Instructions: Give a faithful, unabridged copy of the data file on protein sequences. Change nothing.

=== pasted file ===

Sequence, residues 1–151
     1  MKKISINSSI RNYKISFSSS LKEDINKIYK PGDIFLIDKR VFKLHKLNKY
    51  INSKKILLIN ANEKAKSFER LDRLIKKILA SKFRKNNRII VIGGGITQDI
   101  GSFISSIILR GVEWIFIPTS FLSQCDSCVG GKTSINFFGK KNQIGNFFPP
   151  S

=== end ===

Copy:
Sequence, residues 1–151
     1  MKKISINSSI RNYKISFSSS LKEDINKIYK PGDIFLIDKR VFKLHKLNKY
    51  INSKKILLIN ANEKAKSFER LDRLIKKILA SKFRKNNRII VIGGGITQDI
   101  GSFISSIILR GVEWIFIPTS FLSQCDSCVG GKTSINFFGK KNQIGNFFPP
   151  S